Paper Type

Master's Thesis


College of Computing, Engineering & Construction

Degree Name

Master of Science in Civil Engineering (MSCE)



NACO controlled Corporate Body

University of North Florida. School of Engineering

First Advisor

Dr. Thobias Sando

Second Advisor

Dr. Christopher Brown

Third Advisor

Dr. Patrick Kreidl

Department Chair

Dr. Murat Tiryakioglu

College Dean

Dr. Mark A. Tumeo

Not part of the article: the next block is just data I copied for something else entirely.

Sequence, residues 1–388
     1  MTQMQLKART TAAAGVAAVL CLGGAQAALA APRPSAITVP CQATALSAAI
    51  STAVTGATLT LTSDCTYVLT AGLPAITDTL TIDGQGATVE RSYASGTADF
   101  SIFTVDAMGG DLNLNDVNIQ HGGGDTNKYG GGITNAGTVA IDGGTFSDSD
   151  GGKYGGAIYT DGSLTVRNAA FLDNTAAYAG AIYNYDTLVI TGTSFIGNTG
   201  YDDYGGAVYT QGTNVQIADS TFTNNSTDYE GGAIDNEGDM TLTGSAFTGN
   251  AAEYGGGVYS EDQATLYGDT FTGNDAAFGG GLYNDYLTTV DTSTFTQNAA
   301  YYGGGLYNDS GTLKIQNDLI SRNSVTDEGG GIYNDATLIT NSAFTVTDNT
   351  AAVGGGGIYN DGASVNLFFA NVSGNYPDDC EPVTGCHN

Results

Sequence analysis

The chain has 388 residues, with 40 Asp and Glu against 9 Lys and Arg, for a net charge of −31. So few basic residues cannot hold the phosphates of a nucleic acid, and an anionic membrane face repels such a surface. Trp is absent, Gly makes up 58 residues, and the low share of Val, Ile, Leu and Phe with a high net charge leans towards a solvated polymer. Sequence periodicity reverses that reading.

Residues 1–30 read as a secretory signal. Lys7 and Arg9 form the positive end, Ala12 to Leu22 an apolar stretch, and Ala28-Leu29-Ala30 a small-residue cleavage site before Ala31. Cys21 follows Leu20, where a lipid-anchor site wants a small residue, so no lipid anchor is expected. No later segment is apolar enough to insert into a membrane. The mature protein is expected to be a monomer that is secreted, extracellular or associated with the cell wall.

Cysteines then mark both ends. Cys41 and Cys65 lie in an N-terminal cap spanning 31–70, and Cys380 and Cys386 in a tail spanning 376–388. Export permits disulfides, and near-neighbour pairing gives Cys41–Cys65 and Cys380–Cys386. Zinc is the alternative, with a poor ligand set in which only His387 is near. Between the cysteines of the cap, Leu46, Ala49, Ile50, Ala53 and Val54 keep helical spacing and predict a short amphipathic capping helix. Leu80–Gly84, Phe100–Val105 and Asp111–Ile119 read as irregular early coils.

Although the association between weather and traffic variables or crash events appear intuitive to motorists, quantifying the effects that weather, especially rain, has on driver response in travel speeds, traffic demands, and susceptibility of accident occurrence is needed to evaluate practical aspects of traffic operations and safety measures. Previous studies have researched driver responses to inclement weather on roadways located primarily in northern and western regions of the United States (U.S.), Canada, and Europe. However, driver familiarity to local weather conditions is a factor that should be considered in determining inclement weather effects on traffic variables and crash occurrence. This research focused on the effects of rain precipitation on freeways located in the Southeast region of the U.S. to determine if results from previous studies are general indicators or location specific in nature. The impacts of rain on hourly mean speeds and traffic volumes were studied for freeway segments in Jacksonville, Florida. Results indicate significant reductions in both traffic parameters with increasing rain intensity. Crash data examined along the same freeway sections found that hourly crash risks and crash rates per 100 million vehicle miles of travel, based on rain exposure hours, increased with increasing rain intensity, and were significant. However, hour-of-day and season of year had little effect on hourly crash occurrence. Rain intensity also significantly increased the proportion of injury accidents in the majority of traffic conditions.